Specs as function headers

Switching between various languages, I somewhat miss the ability to use function spec as a function header.

For example, I need to write this:

-spec leave(Group :: group(), PidOrPids :: pid() | [pid()]) -> ok.
leave(Group, PidOrPids) ->
    leave(?DEFAULT_SCOPE, Group, PidOrPids).

While what I want to write is

leave(Group :: group(), PidOrPids :: pid() | [pid()]) -> ok.
    leave(?DEFAULT_SCOPE, Group, PidOrPids).

Combining function spec and its header. I feel like there must be some reason behind it (other than “specs are latest add-ons that aren’t a part of original Erlang”).
What could that be? And what would it take to allow combined specs/headers?

8 Likes

Well… Not to say that it would make it impossible, but multi-claused functions or functions with complex patterns instead of just variables as arguments can make this kind of thing a bit… less clear (?)

For instance…

leave( _ :: pid() | [pid()], Group :: group() ) when map_size(Group) == 0 -> ok.
  …;
leave( Pid :: pid(), #{Pid := _} :: group() ) -> ok.
  …;
leave( [Pid | Pids] :: [pid()], #{Pid := _} :: group() ) -> ok.
  …;
…
7 Likes

There is a project that accomplishes this in Elixir. I suppose the same could be done in Erlang using a parse transform.

3 Likes

I’m pretty sure this is the exact reason. Combined with pattern matching and multiple clauses this gets very messy.

To enable something like this, IMO, we’d need to forgo multi-head functions likely in favour of in-line case, something similar to OCaml function - though there you can conveniently match only on the last argument.

Either way, this would have been a significant syntax change that probably would touch more than just this.

Some options for syntax that could be more ergonomic with inline types were researched years ago by Joe Armstrong in GitHub - joearms/erl2: a new dialect of erlang.

1 Like

It also has a possible downside of mixing the specification of a function with its implementation, at least conceptually, but maybe even practically (if you move a clause around, for example).

I would actually prefer to skip the -spec funName bit:

- Group :: group(), PidOrPids :: pid() | [pid()] -> ok.
leave(Group, PidOrPids) ->
    leave(?DEFAULT_SCOPE, Group, PidOrPids).

In this case, it means it is the spec for the next to be defined function.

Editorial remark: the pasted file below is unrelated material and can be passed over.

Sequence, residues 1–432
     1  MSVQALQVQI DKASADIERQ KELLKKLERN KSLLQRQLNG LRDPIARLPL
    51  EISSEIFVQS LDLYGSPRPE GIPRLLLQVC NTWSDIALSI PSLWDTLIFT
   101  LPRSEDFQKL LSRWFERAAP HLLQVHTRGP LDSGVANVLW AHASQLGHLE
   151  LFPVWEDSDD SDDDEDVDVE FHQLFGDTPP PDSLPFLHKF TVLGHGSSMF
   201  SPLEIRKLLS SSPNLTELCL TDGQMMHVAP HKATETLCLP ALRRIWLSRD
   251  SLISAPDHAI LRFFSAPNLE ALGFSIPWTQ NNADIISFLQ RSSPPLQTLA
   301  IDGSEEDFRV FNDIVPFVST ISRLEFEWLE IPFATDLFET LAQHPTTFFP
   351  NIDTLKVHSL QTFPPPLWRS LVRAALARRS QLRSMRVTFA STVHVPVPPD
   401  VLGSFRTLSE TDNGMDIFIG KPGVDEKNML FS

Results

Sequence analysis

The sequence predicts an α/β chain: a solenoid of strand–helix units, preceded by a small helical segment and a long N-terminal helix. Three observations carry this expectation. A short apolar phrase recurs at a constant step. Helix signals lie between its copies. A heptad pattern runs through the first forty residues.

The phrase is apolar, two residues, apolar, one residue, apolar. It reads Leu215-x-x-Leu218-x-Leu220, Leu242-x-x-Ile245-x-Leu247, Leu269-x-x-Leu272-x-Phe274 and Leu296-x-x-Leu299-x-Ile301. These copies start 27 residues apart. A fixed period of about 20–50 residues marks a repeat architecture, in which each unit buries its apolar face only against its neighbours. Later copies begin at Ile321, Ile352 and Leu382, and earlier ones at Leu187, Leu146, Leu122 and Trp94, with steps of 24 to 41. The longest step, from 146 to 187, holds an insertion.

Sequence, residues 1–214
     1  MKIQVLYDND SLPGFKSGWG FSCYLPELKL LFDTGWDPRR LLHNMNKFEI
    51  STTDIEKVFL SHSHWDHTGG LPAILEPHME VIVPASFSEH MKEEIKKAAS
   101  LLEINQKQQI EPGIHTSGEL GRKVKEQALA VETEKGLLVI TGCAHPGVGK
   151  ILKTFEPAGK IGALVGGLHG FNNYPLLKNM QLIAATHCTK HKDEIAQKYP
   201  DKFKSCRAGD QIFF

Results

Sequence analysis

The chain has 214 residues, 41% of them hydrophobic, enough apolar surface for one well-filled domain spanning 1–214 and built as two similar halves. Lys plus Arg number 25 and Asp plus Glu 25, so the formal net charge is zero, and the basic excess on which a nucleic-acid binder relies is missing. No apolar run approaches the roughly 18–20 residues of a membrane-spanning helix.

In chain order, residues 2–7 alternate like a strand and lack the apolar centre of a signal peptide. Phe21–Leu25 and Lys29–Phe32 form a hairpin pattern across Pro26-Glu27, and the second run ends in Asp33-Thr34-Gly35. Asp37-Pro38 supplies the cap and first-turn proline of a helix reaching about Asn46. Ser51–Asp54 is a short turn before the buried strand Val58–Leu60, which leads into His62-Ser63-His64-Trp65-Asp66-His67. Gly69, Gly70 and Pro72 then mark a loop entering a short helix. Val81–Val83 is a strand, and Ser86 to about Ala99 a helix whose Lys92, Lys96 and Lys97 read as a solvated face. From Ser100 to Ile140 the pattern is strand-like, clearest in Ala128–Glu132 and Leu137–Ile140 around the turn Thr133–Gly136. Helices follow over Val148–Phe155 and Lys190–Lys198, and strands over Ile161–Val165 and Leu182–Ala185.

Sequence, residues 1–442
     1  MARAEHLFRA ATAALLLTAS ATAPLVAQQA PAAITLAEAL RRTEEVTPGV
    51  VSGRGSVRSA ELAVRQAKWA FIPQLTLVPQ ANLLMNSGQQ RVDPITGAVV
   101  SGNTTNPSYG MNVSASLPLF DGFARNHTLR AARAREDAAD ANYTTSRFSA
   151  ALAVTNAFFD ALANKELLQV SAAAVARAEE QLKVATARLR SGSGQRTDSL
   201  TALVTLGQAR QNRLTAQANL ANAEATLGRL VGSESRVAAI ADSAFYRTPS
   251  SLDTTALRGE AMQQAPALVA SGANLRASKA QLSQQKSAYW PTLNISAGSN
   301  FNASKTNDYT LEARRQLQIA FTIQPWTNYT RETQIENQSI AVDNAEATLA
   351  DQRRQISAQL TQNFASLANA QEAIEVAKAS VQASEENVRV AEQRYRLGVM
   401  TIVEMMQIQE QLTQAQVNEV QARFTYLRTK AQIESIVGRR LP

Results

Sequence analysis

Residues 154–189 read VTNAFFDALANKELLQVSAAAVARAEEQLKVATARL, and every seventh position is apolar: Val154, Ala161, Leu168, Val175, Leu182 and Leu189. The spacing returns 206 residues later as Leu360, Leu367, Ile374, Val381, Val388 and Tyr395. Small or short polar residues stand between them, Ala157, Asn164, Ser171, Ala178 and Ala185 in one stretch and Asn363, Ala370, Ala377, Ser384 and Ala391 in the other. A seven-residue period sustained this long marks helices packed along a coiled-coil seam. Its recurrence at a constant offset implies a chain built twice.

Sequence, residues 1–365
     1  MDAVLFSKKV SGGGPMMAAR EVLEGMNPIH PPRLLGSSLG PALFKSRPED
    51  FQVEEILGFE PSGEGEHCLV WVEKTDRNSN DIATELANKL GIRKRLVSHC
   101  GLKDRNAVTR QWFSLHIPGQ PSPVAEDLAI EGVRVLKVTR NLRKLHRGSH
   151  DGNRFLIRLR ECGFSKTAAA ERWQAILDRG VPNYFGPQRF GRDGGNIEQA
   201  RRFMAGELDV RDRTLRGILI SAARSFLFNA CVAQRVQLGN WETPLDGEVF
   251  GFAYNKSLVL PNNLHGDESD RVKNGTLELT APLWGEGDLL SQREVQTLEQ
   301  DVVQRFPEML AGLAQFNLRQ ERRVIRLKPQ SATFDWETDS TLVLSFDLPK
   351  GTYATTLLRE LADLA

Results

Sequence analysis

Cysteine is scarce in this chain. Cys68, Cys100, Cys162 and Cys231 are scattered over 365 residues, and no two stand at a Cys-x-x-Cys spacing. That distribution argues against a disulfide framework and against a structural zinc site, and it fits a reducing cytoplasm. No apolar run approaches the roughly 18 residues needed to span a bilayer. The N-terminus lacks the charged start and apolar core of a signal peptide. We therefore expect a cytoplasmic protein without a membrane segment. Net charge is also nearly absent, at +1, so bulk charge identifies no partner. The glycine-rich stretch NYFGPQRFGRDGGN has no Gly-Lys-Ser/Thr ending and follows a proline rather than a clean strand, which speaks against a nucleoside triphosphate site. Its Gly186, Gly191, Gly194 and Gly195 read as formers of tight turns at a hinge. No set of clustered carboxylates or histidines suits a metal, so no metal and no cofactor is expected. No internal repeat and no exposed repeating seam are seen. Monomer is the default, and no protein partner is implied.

I used - as a prefix but it could be anything else. But I do think it would remove some of the repetition (specially with multiple clauses were you already end-up repeating the function name).

2 Likes

I wonder if it would be possible to do a shorthand annotation:

f(X :: integer()) :: return_type() ->
    y(X).

As equivalent to:

-spec f(X::integer()) -> return_type().
f(X) ->
    y(X).

By marking them as shorthand and adding a special return type marker, you could handle multiple clauses fine.

It could however not support tricker declarations such as

-spec f(X, Y) -> Y
    when X :: integer(),
         Y :: number().

Which would still require the full format.

(I still don’t if the shorthand return type would go before or after the guard clauses)

3 Likes

Maybe it can be

f(X :: integer(), Y :: number()) :: Y -> Y.
1 Like

I can tell you from personal experience, this gets messy :slight_smile:

I understand the desire for it though, and in that, I don’t have strong feelings.

5 Likes

I’m with @michalmuskala and @starbelly that this is bound to make things very messy. It adds a lot of chatter to function heads that is in the way of reading.

Also, in my view a spec serves two purposes.

One is type checking, but this is done with dialyzer, a different tool. The specs (IMO) have nothing to do with the language itself, that is, even if there are no specs or the actual code totally violates the spec, it will happily compile without any complaints. For me, this is clear a reason not to sprinkle specs into actual code.

The other purpose of specs, at least in my view, is to provide some sort of description of the function in terms of what types it expects as arguments and what it returns, without reading any of the code. With specs clearly separated from the code, this is easy, it’s all in one place. But with specs mixed into the function heads, I will have to examine all of its clauses and put it all together in my head.

11 Likes

With things like that, resolving the semantics of what this actually means is a bigger issue. AFAIK right now for both Dialyzer and EqWAlizer this is exactly the same as writing:

-spec f(integer(), number()) -> number().

The extra variables and when is mostly “decorative”

2 Likes

There’s a distinction when considering the docs generated from the type specs however!

1 Like